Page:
Friday was undoubtably the most tiring and mentally and physically challenging day of clinic for me. Chapernas is a small village about 30 minutes from the coast in western Guatemala. As we drove into Chapernas we knew it would be different from Choacorral. The dirt roads, open air houses, and the type of illnesses varied vastly from Choacorral. Walking off the bus into 90 degree weather was not only a physical shock but when looking around i was shaken to the core. The two large buildings were basically just huge rooms that we took over and set up our stations at. We walked in the main building and it was packed with people waiting to be seen by our medical staff. However, when we turned the corner God blessed us with another pair of intelligent hands and a caring heart. Nurse Brad came into our lives as a surprise. He is an American nurse that does mission medical work in Guatemala and visits this site twice a week. He was just as surprised to see us as we were to see him. We worked seamlessly together to serve this huge population of people who needed medical care. I worked in triage all day. Hearing people's stories, investigating their health issues, and using nursing skills is my favorite part of triage. The fast paced atmosphere was especially difficult in this clinic. The heat paired with the amount of people and the acuity of the patients made the day especially hard. Working with Maddie and Xye was incredible. Our Spanish skills and nursing backgrounds prevailed and we were essentially done triaging by lunch time. However the most difficult things to witness was nurse Stephanie having to turn away patients. There were just so many people and not enough time or resources to see all of them. This was devastating but it shows how much continued efforts are needed.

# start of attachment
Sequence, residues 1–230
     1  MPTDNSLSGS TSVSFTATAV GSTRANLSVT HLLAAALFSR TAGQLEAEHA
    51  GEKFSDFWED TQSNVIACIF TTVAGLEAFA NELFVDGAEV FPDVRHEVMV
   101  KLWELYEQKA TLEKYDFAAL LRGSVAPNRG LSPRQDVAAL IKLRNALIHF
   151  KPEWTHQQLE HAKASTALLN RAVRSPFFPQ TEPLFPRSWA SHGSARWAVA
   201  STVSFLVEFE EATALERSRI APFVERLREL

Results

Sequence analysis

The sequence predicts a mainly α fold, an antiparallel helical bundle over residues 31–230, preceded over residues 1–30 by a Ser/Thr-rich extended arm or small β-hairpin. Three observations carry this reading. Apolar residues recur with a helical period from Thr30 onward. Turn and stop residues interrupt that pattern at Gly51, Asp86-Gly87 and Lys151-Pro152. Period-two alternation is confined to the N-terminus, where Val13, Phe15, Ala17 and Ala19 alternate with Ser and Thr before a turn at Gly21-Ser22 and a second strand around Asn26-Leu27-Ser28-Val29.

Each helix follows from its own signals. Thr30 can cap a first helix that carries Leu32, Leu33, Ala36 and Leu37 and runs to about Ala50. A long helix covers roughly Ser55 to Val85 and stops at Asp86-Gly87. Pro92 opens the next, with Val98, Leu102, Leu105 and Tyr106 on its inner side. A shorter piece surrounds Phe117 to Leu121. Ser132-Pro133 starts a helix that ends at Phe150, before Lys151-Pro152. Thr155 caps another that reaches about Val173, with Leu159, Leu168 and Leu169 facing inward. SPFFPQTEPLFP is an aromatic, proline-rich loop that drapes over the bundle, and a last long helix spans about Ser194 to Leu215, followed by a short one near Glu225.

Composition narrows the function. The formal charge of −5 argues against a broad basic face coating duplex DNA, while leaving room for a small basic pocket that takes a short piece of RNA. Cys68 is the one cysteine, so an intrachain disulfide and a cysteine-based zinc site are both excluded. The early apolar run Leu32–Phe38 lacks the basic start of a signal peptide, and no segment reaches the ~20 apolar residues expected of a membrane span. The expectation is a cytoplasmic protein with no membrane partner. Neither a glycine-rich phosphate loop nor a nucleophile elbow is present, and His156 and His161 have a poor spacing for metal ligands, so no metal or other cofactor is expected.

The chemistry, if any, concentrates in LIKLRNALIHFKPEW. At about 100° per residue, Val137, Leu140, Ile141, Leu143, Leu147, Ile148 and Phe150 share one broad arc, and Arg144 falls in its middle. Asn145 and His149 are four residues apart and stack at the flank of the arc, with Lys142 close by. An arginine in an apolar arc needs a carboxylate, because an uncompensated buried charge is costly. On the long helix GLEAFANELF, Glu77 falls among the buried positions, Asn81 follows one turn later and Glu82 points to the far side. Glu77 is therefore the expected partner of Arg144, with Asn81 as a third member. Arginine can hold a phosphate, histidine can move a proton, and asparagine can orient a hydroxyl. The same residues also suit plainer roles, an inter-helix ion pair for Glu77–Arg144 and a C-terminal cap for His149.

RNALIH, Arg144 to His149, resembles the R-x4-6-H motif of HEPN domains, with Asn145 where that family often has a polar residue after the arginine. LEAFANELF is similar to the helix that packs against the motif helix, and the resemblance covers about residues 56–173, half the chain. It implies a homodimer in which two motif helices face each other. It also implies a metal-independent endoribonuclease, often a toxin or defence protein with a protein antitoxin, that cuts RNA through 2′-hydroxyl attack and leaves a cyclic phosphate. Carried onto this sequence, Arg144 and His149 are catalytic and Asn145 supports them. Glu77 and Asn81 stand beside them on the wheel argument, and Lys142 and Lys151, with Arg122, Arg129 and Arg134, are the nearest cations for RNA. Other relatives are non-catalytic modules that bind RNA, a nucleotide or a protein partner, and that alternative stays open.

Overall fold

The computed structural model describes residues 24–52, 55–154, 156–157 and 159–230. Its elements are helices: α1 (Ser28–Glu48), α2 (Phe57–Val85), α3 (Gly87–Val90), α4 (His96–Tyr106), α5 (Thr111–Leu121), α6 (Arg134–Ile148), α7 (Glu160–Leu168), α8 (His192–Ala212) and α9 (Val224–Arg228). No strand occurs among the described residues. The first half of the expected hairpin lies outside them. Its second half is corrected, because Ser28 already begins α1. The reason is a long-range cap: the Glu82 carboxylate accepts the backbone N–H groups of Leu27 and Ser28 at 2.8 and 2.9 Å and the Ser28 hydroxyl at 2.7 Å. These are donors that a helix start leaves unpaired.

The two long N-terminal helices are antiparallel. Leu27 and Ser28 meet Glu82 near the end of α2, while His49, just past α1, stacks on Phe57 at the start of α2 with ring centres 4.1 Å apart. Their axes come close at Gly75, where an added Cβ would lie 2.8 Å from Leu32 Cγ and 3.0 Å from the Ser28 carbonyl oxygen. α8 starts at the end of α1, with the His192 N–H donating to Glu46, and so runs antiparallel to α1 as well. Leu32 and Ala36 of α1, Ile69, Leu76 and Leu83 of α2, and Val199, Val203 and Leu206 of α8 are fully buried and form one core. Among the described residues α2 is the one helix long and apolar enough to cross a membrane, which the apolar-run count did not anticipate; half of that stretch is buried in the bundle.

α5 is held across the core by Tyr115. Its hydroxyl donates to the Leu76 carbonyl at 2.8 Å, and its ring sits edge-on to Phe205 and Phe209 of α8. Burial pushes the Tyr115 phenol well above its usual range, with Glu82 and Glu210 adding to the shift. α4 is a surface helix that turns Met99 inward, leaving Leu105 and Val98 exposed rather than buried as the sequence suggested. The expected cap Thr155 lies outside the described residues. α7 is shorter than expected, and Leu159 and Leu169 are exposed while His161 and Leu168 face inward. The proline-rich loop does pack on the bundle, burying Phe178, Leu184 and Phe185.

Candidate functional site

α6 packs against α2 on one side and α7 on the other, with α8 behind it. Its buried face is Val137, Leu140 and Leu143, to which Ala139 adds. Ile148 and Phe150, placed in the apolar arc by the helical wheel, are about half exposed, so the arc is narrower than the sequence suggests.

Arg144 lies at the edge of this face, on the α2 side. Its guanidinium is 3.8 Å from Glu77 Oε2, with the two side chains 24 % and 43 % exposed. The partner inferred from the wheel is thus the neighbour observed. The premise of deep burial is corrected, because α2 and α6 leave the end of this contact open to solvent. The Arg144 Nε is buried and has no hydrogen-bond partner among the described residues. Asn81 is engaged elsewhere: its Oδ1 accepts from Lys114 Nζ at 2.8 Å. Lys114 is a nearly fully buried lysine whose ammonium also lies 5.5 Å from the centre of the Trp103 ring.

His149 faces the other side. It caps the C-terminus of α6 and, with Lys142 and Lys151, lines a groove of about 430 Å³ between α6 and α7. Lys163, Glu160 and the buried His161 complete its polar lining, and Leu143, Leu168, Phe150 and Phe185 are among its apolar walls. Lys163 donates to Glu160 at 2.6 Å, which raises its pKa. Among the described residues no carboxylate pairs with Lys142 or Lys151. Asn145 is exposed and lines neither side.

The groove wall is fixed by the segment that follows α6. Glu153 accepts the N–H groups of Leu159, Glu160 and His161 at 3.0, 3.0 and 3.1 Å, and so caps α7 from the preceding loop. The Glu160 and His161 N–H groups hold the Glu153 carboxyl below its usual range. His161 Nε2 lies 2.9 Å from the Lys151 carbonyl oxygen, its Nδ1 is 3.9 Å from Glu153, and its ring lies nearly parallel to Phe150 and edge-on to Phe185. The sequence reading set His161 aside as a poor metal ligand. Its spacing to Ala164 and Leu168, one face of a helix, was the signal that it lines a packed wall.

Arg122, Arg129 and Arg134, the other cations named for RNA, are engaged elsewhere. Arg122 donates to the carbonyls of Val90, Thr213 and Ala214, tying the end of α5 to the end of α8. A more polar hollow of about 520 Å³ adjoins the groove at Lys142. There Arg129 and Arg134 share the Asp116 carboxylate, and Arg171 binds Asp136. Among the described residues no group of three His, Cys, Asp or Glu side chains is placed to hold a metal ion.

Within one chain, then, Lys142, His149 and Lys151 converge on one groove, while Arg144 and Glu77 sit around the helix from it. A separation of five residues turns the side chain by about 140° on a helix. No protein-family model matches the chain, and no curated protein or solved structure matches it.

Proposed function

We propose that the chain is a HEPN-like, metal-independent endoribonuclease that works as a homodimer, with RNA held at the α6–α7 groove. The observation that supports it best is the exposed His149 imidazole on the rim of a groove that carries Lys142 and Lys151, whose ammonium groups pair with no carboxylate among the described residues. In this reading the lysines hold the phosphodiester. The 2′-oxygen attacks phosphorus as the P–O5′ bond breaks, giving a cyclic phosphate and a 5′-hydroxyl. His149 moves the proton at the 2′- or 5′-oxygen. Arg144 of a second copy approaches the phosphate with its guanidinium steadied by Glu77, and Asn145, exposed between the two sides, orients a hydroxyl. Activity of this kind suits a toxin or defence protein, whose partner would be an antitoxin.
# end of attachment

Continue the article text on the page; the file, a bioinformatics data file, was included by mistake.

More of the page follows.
My time in Guatemala has taught me more than I could have hoped. On Friday I learned, or perhaps rencountered, the fact that I, as one person, have the ability to change the world. If I changed or positively effected one persons life in the little town of Chapernus I did good. My last patient of the day was a old woman who had diabetes and was leaking, for lack of a better term, from her legs because of all of the edema and fluid retention. She had extremely low blood pressure but her blood sugar was only 175 without taking her medicine for her sugar for a number of days. This was not a problem of diabetes this was congestive heart failure. However, what I learned from this woman was not about her diagnoses, it was about the smile she had on her face when strangers were talking a foreign language surrounding her. It was about how her family advocated for her needs and care. It was about how her daughter was doing the best she could with what she had and was full of gratitude for our being there. My time in Guatemala was not about saving the people. These people do not need to be saved. They are strong, compassionate, loving , hospitable, grateful, and rich in life and love. They are different from the people I am normally familiar with, but that doesn't make them any less worthy of love and care. They need to be walked with not changed. Guatemala has officially broken and ruined me in the best way possible. This beautiful country and its people have changed the way I view health care and have possibly changed where I feel called in this world. They have taught me to love and wear my heart on my sleeve, that it is okay to ask for help, that vulnerability is not a weakness, and that it is more important to be rich in faith, hope, love, and community than in anything else. I am so grateful.